Order of Importance

Many homeowners know that preventing water intrusion and insulating well are key ingredients for a comfortable, quality and energy efficient home. What most homeowners aren’t aware of, though, is how important it is to also control vapor and air; and those who are aware often don’t know the order of importance for all four factors.

So here’s the order, and we’ll take a moment to review why the order is what it is: 1) Water 2) Air 3) Vapor 4) Insulation.

Now, most people would naturally place water control as number one. Water is, without a doubt, the number one enemy of a home. It can rot out wood (structure), destroy contents, lead to mold growth, invite pests, cause poor indoor air quality, and a whole slew of other problems very quickly. Water is such a threat to structure that the National Flood Insurance Program was created to help aid in flood damage repairs beyond basic homeowners insurance policies.

What isn’t so obvious is the order of the next three items on the list. Most people would place insulation as number two when, in fact, it falls in last place. That’s not to say insulation isn’t important (it’s very important), but it’s not quite as important as controlling air and vapor.

Most good insulation contractors and experts in building science push the importance of air sealing to a greater degree than insulation – especially in modern times after a lot of research has proven its importance. If the home is well insulated but not adequately air sealed, air can freely enter and leave the home through multiple points and much of the insulation becomes almost a waste.

Likewise, if a house controls water and air well but doesn’t control vapor, moisture related problems will develop over time, as well as poor indoor air quality. Vapor control is climate dependent (as is insulation), making it especially difficult to deal with properly. Vapor tends to migrate from the warm side of a wall to the cold side, and some regions are predominantly hot while others are predominantly cold. To complicate things further, the goal of vapor control is to prevent vapor intrusion, but that same prevention measure can also prevent vapor that does get in from escaping or quickly drying. When it comes to vapor control, be sure to discuss options with your contractor and his or her specific reasons for using a certain method in your climate.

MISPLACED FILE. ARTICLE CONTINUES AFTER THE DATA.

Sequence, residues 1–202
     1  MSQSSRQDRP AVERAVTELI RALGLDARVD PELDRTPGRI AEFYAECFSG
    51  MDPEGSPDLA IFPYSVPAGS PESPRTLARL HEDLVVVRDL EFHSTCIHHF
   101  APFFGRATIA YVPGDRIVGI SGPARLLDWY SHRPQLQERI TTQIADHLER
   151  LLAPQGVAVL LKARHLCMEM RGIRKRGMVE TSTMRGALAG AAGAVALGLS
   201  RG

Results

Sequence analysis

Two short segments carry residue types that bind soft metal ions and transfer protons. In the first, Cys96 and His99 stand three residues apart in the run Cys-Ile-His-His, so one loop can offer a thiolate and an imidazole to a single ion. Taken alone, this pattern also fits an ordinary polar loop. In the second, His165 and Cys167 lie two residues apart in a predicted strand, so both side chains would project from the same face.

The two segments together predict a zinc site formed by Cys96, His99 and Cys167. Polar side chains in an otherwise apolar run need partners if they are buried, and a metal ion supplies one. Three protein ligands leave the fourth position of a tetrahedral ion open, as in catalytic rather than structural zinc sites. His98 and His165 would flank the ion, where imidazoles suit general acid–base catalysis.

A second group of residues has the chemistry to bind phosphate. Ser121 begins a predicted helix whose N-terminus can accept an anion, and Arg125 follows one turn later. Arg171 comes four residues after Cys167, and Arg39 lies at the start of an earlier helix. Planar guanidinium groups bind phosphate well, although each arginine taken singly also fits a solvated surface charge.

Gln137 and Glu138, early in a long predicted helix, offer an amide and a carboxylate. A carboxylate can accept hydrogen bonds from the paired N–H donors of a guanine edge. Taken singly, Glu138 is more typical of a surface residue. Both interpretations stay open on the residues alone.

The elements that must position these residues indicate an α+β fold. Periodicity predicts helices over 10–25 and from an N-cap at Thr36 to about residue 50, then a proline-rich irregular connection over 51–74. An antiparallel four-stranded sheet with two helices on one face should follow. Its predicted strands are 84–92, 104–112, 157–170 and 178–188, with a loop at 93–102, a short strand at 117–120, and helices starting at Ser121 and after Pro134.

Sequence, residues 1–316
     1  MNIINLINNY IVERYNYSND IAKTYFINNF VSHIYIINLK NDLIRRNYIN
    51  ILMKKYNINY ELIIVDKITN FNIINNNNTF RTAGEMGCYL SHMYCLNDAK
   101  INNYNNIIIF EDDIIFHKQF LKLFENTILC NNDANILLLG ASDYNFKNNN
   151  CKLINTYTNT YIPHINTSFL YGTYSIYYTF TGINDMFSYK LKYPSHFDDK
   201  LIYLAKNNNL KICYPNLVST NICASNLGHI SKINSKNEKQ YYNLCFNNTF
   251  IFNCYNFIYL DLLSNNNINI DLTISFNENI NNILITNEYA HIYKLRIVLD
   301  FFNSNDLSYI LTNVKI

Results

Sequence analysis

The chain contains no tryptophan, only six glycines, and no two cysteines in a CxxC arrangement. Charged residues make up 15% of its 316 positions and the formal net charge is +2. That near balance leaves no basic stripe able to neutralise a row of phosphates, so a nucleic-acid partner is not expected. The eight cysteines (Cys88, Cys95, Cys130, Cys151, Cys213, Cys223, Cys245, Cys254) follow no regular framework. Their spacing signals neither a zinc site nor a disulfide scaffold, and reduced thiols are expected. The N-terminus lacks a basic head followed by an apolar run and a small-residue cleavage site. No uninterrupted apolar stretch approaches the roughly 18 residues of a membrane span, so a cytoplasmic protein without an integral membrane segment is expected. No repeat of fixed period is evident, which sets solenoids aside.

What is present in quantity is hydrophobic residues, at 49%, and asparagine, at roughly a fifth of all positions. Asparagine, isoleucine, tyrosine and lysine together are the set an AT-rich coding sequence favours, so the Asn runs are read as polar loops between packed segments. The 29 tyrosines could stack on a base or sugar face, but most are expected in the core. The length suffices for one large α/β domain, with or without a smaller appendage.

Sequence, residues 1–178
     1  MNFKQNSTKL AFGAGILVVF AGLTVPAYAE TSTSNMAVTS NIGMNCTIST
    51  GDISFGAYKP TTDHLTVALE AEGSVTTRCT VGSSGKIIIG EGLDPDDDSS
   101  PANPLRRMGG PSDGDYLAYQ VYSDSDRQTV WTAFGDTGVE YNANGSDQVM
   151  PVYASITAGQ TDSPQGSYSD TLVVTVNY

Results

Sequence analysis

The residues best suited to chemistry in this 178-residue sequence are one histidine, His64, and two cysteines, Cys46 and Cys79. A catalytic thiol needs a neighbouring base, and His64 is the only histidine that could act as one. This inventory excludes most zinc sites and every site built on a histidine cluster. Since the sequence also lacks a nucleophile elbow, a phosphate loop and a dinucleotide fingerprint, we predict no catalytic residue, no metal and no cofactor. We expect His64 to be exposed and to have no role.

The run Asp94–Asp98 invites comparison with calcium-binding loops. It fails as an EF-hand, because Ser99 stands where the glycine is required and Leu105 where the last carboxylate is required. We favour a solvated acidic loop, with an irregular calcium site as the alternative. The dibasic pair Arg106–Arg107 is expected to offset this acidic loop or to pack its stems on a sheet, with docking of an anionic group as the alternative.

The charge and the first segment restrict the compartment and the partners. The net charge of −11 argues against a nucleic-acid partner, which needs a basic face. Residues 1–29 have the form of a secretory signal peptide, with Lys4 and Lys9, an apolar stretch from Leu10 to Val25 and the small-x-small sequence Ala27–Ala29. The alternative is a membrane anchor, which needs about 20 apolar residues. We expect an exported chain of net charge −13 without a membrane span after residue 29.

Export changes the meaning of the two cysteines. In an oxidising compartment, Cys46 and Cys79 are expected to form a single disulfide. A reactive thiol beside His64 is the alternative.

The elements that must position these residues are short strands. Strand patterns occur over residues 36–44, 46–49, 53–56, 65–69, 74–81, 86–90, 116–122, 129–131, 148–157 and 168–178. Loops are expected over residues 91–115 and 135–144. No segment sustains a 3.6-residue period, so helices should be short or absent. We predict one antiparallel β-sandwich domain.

Insulation is crucial, but the other three items on the list should be in place and done well in order for the insulation to perform optimally. A house that is fully air sealed but lacks in insulation will typically outperform a home that has plenty of insulation but no air sealing. And a house that controls air, vapor and thermal issues well but doesn’t protect well against water will deteriorate fairly quickly.

If you’re planning to invest in improving the quality, comfort and efficiency of your home, be sure to remember this order. Always control water first (even small leaks), then ensure the house is air sealed well, then make sure vapor is controlled, and finally ensure your insulation levels are sufficient. Do all four and you’ll have a sound, safe and comfortable home that is capable of withstanding natural forces for a very long time.

*To visit our main website, go to http://www.hillinspections.com

Author: hillinspections

I am a Certified Professional Inspector (CPI) and the owner and operator of Hill Property Inspections LLC, based out of western Pennsylvania. I specialize in property inspections and environmental testing services and have a passion for helping my own clients and other families in learning to properly maintain their homes. I am an Army veteran, former State Farm Insurance Agent, and real estate investor with experience in all facets of real estate construction, transaction and insurance. I am also the founder and President of the Southwestern PA Chapter of the International Association of Certified Home Inspectors (InterNACHI) and an affiliate member of the Cambria-Somerset Association of Realtors (CSAR).

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